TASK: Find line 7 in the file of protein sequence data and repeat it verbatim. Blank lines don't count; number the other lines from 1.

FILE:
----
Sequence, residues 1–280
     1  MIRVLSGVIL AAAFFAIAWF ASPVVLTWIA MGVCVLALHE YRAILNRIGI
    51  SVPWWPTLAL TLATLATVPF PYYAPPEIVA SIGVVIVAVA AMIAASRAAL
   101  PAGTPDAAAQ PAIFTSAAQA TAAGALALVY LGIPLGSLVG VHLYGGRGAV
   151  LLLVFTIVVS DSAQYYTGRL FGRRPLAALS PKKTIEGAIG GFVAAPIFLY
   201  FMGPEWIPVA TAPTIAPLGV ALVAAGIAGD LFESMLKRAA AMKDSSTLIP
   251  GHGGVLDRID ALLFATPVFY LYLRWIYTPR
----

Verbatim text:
   251  GHGGVLDRID ALLFATPVFY LYLRWIYTPR